by Dr Derek Cuddeford, Royal (Dick) School of Veterinary Studies, University of Edinburgh
Animals that undergo surgery cannot usually eat normally for a period of time and may temporarily starve. The extent of time that the animal is without food or that it under eats depends on the seriousness of the intervention and which body systems are compromised. Clearly, abdominal surgery that involves the gastrointestinal tract will have a greater impact on the nutritional status of the animal than arthroscopy of a knee joint. Horses that fail to rapidly regain nutritional competence after surgery are susceptible to increasing malnutrition in a situation where the body is already in a stressed postsurgical state. Postoperative fluid and electrolyte management may be required although large volumes are usually necessary. This can be adequate for meeting minimal short-term nutritional requirements postoperatively. If a return to oral intake is delayed essentially the animal will starve unless other means can be found to support the animal’s metabolism. Obviously a horse with compromised nutritional status is more at risk from morbidity and mortality.
When energy and nutrient intake falls below that necessary for maintenance then the animal becomes catabolic. This means it starts breaking down body tissues to make good the shortfall in energy and nutrient supplies. The body “eats” itself. Anyone who has had a relative or themselves in hospital for major surgery will have witnessed firsthand how quickly “condition” is lost in spite of what appears to be adequate food inputs furthermore, nobody gets fat on grapes or flowers! Bodily fat starts to disappear and then this is soon followed by protein breakdown. Unfortunately protein is not stored in the body like fat so essential tissue is lost and in serious cases of starvation, muscle wastage occurs and organ tissue is lost that can ultimately lead to organ failure. In most cases following surgery, “starvation” is a very short term issue because re-alimentation can begin quite quickly in contrast to the starved horse which has undergone chronic underfeeding and can be in a bad way.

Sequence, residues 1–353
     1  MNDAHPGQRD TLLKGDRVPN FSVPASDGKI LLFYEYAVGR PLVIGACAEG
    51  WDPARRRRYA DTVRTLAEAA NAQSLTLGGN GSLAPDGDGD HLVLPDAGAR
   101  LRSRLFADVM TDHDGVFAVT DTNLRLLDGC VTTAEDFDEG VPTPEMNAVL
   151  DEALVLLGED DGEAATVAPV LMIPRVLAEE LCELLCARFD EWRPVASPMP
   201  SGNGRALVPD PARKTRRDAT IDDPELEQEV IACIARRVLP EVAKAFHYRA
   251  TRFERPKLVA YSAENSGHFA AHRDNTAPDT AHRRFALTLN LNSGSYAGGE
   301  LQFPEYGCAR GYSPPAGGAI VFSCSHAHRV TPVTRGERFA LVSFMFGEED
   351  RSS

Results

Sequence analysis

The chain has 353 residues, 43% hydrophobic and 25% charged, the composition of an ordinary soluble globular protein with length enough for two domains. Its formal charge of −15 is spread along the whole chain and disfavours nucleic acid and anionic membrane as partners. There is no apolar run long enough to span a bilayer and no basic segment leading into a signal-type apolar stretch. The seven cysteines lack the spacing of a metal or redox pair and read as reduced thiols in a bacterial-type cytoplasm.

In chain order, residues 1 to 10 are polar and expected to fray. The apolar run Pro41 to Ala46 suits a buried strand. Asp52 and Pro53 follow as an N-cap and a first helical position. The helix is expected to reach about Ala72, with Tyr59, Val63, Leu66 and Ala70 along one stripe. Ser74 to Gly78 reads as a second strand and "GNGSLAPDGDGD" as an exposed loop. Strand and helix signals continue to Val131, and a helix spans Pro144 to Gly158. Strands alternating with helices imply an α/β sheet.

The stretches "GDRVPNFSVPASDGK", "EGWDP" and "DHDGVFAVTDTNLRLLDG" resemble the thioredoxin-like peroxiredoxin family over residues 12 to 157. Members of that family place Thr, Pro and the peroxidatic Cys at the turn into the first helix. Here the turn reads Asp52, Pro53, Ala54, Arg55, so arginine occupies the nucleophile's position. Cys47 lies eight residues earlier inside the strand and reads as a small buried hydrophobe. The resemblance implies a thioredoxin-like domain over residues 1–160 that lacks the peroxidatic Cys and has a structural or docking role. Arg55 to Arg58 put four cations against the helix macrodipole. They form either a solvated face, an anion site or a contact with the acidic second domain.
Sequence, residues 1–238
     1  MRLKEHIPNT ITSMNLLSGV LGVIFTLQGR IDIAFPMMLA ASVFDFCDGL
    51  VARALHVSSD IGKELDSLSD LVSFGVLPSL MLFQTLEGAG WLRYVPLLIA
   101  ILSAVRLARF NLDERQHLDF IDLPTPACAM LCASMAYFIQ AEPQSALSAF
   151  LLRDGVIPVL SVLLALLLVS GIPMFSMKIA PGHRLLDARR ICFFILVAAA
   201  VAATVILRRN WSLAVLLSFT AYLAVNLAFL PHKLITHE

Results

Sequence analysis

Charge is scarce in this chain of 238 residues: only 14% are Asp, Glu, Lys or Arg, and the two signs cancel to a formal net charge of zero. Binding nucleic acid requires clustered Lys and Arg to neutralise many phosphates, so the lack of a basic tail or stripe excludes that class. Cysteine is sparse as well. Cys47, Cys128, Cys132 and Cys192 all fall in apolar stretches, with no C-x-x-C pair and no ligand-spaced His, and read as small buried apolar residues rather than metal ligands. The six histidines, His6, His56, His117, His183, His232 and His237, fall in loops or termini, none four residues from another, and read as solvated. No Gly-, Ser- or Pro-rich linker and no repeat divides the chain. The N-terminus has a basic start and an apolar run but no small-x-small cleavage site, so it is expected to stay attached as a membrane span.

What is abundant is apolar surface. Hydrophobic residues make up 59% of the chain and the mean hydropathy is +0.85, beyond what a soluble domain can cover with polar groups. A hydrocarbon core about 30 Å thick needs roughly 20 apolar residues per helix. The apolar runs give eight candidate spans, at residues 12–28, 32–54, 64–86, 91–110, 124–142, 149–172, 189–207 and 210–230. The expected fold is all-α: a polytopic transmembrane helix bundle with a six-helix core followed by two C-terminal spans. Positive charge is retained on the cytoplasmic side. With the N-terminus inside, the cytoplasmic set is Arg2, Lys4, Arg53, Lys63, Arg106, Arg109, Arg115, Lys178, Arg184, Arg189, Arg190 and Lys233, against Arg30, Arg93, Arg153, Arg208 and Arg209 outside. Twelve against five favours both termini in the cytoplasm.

The guide to feeding post-surgery is relatively straightforward. Oral surgery such as removal of teeth etc can compromise the animal’s ability to ingest and masticate food. These changes may be temporary or permanent. The simplest approach is to rehydrate good quality grass pellets. The extent of rehydration will govern the form of the final product which can range from a soft “fluffy” mix to a green slurry that the horse can slurp up. This type of food is also good after abdominal surgery as it will “flow” easily through the digestive tract. Remember, the horse is used to consuming wet food since grass can contain up to 87% water just like milk. Nothing is better for the horse than grass! If parts of the gut have been removed then those parts remaining will dictate what is fed. Instead of the horse having two distinctive areas that you can feed, the small intestine for hydrolysable carbohydrates, proteins and fats and the large intestine for fibrous feeds, the horse may be left with much reduced capability in one of these regions.
There are no dietary changes required for a horse having undergone surgery in which no part of the small intestine or less than 50% of the jejunum and/or duodenum or the caecum is removed. Horses recovering from surgery generally should, as a rule, be fed high-quality, highly digestible feeds in small, frequent meals as soon as they are back on their legs. Offer the horse about one-quarter of its normal ration, increasing to its maintenance ration over several days. Fresh water should always be available and those horses that have “lost” some of their large intestine will have a higher requirement since water re-absorption is compromised. You can walk the horse in hand and allow it to graze fresh grass for short periods.